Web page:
Developing a Culture of Testing
I say this all the time, but Mozilla’s webdev group has grown a lot over the past few years, and I don’t just mean in size. We’ve become better engineers, a better team, too.
One key aspect of that growth, and a dramatic shift from three years ago, is developing a Culture of Testing.
It’s nearly impossible to find a developer who will flat-out disagree with the statement, “Testing is good.” But it’s easy to find developers who don’t write tests. There are lots of ways to rationalize not writing tests, like…
- We have tests but they’re slow and old and not worth updating.
- We’re trying to move quickly here!
- Management won’t give me the time.
- QA should write tests.
- And many others.
Back around when I started, we were guilty of this. When projects had test suites at all, they were too slow to run frequently, often filled with broken or out of date tests, and generally not very valuable. Most projects had some form of automated Selenium test suite, but that was about it. Nothing in the project code itself.
Now all major projects, especially new ones, have automated test suites. We look at something like 90-95% line coverage in those suites. How did we make that change?
We took a few specific steps. We didn’t necessarily plan these, but in retrospect they are pretty clear, repeatable actions that other teams should be able to adapt and use.
- We started with the premise that tests are good. This isn’t always trivial, and you may need to convince people. Tests are an investment, because they do take more time up front than not testing, but they will pay off in the long run in faster development and fewer regressions.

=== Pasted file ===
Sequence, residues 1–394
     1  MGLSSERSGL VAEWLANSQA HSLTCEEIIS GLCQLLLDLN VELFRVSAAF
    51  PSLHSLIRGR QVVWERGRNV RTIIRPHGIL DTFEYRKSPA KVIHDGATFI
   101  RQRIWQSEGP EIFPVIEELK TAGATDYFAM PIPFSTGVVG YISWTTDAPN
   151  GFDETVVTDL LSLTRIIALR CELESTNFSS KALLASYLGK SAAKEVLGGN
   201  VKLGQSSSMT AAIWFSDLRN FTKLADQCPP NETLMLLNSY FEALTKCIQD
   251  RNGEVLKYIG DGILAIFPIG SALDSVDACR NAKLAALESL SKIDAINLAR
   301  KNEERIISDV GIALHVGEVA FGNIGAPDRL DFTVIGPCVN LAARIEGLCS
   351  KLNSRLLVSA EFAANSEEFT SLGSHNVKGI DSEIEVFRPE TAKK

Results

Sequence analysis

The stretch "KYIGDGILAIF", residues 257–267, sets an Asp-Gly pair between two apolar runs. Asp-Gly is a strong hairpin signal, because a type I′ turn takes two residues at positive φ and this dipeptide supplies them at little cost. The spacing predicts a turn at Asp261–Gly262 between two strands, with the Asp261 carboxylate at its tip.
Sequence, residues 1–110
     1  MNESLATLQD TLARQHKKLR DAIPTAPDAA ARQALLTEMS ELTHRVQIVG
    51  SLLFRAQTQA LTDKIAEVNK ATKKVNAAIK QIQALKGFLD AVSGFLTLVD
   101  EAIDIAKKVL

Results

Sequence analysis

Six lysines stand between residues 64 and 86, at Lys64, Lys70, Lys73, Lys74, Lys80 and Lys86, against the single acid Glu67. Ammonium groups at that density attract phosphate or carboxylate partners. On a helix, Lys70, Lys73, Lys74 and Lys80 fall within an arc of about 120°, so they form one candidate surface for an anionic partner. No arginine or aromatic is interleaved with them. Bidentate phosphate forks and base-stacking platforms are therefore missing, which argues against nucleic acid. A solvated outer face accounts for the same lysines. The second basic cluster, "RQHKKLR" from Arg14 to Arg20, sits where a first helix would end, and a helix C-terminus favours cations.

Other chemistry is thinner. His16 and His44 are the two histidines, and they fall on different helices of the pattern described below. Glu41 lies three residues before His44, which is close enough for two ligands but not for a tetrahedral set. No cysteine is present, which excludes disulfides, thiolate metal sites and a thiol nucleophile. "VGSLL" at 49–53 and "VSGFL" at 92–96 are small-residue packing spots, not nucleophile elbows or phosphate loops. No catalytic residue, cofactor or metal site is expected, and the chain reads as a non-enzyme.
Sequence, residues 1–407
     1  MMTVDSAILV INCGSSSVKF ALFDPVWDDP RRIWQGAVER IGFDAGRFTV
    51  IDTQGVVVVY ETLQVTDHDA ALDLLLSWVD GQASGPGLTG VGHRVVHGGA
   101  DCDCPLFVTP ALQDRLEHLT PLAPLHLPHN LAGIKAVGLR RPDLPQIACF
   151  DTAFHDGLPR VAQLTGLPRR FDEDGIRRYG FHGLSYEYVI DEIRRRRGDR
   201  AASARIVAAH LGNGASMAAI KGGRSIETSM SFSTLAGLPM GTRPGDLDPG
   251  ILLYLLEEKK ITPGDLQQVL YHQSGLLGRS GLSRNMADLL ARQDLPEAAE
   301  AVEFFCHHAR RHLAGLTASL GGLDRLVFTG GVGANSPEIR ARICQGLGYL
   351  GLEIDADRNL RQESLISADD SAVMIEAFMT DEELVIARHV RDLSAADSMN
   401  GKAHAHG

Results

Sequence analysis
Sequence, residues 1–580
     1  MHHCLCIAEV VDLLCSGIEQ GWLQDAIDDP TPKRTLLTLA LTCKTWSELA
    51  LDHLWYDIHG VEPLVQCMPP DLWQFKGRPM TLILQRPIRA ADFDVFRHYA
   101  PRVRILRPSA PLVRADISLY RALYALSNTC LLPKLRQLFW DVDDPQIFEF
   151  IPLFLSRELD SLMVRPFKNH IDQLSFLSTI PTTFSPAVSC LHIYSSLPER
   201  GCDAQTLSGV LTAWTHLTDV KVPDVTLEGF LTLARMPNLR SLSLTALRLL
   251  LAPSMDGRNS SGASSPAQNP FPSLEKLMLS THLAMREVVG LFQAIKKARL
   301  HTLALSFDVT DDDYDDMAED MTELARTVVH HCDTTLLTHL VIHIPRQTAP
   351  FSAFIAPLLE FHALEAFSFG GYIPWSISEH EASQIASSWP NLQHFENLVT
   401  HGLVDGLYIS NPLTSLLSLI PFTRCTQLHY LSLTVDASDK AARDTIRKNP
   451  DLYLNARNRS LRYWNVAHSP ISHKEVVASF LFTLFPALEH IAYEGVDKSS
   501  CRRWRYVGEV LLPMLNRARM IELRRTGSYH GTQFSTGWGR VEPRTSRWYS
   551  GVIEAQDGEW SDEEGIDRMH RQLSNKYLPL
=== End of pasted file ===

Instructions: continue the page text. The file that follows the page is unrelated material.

- We required tests for new code. We were in a fortunate position, beginning to move two web apps to a new language and framework, but with a little investment in bootstrapping the test suite, this should work anywhere. The lead developers of those two apps simply required tests as part of code reviews. It’s important to be consistent and firm, especially at the beginning, to establish expectations.
- We set up Jenkins. Any CI service will work. It doesn’t need to be perfect, either. At first, we had Jenkins polling our Git repo for changes every few minutes. Later, we got it to run tests on push instead of pull. The important things were that we were running tests soon after commits and results were reported in IRC. Getting feedback immediately is critical.
- And we set up the CI Game plugin. It doesn’t matter so much now, but gamifying tests helped motivate people to write them and fix them (and fix code standard violations) early on.
- We made broken tests priority zero. If someone pushes code and breaks tests, they are expected to drop everything else and fix the tests. This is a big part of keeping master/trunk shippable. If you deploy continuously, it’s even more critical.
- We tease people who break tests. Not cruel mockery, but light social pressure is a powerful tool. Peer pressure: it works!
Over time, the team internalized these expectations, shifting our development culture in real ways.
- A feature isn’t done unless it’s tested, so the time to write the tests is not counted separately from the time to write any other code.
- Everyone is responsible for tests, not just QA. We’ve freed up a bunch of our web QA engineers’ time to do more exploratory testing of new features and improve both automation tools and old, crufty test suites.
- Tests are first class code, and improving methodology or performance in tests is as valid a use of time as anywhere else.
Because these changes have happened across the entire group, new team members are surrounded by this culture, adopt the practices, and internalize it very quickly.
This was a very successful shift, and has helped the team grow in a number of ways. The specific actions might not work for every team, but they worked for us and are definitely worth trying, if you’ve been struggling—or are just starting—to adopt great testing practices.